Hello I am asked the following: "Find the zeros algebraically".

y=4x^3+4x^2-7x+2

I know with the four terms I am supposed to group, however Grouping does not work with this problem. How do I factor this to find the zeros. Thanks.

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- Sep 6th 2010, 09:34 AMMack4545polynomial functions of Higher Degree
Hello I am asked the following: "Find the zeros algebraically".

y=4x^3+4x^2-7x+2

I know with the four terms I am supposed to group, however Grouping does not work with this problem. How do I factor this to find the zeros. Thanks. - Sep 6th 2010, 09:50 AMchisigma
Setting $\displaystyle x=-2$ You obtain $\displaystyle y=0$... that means that $\displaystyle 4\ x^{3} + 4\ x^{2} - 7\ x + 2$ contains $\displaystyle x+2$ as a factor... etc...

Kind regards

$\displaystyle \chi$ $\displaystyle \sigma$ - Sep 6th 2010, 10:04 AMMack4545
- Sep 6th 2010, 10:27 AMchisigma
If You insert $\displaystyle x=-2$ into the expression $\displaystyle y(x)= 4\ x^{3} + 4\ x^{2} - 7\ x + 2$ You obtain $\displaystyle y(-2) = -32 + 16 +14 +2 =0$ ...

Now You devide $\displaystyle y(x)= 4\ x^{3} + 4\ x^{2} - 7\ x + 2$ by $\displaystyle x+2$ and obtain a second degree polynomial whose zeroes can be found in a weel known way...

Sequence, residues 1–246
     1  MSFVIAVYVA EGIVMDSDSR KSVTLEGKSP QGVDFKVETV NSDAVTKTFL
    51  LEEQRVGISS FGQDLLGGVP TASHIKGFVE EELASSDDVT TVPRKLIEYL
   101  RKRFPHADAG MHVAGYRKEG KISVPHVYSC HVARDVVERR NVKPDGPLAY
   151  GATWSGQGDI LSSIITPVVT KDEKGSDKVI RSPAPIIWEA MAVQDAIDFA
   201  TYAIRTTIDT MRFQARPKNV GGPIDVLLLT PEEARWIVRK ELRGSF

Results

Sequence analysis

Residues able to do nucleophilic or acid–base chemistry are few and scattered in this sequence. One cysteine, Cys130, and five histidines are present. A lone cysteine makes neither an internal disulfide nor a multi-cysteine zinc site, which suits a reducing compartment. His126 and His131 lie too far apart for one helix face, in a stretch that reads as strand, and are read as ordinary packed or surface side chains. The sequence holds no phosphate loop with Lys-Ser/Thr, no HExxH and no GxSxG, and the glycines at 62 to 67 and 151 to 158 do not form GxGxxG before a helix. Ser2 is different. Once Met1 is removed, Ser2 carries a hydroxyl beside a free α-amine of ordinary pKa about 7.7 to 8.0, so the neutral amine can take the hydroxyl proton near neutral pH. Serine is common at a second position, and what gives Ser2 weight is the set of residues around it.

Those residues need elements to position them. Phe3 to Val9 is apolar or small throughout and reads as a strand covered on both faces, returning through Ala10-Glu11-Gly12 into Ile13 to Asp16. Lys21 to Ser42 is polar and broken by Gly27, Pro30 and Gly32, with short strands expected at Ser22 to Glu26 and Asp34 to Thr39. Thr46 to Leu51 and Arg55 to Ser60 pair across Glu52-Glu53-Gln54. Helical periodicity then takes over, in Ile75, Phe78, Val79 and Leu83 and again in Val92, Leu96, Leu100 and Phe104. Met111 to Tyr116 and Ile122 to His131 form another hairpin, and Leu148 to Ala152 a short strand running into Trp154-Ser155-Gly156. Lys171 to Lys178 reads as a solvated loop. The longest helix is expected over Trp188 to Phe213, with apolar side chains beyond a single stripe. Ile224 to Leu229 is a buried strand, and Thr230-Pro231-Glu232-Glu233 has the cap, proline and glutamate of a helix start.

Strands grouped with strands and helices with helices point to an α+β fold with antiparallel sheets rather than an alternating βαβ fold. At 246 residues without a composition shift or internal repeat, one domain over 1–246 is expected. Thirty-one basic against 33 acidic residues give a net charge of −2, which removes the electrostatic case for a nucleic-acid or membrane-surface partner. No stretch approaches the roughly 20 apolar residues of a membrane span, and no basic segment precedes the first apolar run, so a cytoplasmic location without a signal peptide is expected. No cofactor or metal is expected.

Kind regards

$\displaystyle \chi$ $\displaystyle \sigma$ - Sep 6th 2010, 11:07 AMHallsofIvy
Very useful here is the "rational roots theorem":

**If m/n is a rational root of a polynomial equation with integer coefficients, then the numerator, m, must evenly divide the constant term and the denominator, n, must evenly divide the leading coefficient.**

Of course, that doesn't guarentee that there are**any**rational roots but it is always worth trying.

Here the leading coefficient is 4 so any rational root must have denominator $\displaystyle \pm 1$, $\displaystyle \pm 2$, or $\displaystyle \pm 4$. The constant term is 2 so any rational root must have numerator $\displaystyle \pm 1$ or $\displaystyle \pm 2$. That means that the only possible rational roots are $\displaystyle \pm 1$, $\displaystyle \pm \frac{1}{2}$, $\displaystyle \pm\frac{1}{4}$, $\displaystyle \pm 2$, $\displaystyle \pm\frac{2}{2}= \pm 1$, and $\displaystyle \pm\frac{2}{4}= \pm\frac{1}{2}$. Trying each of those shows that only x= -2 really is a root.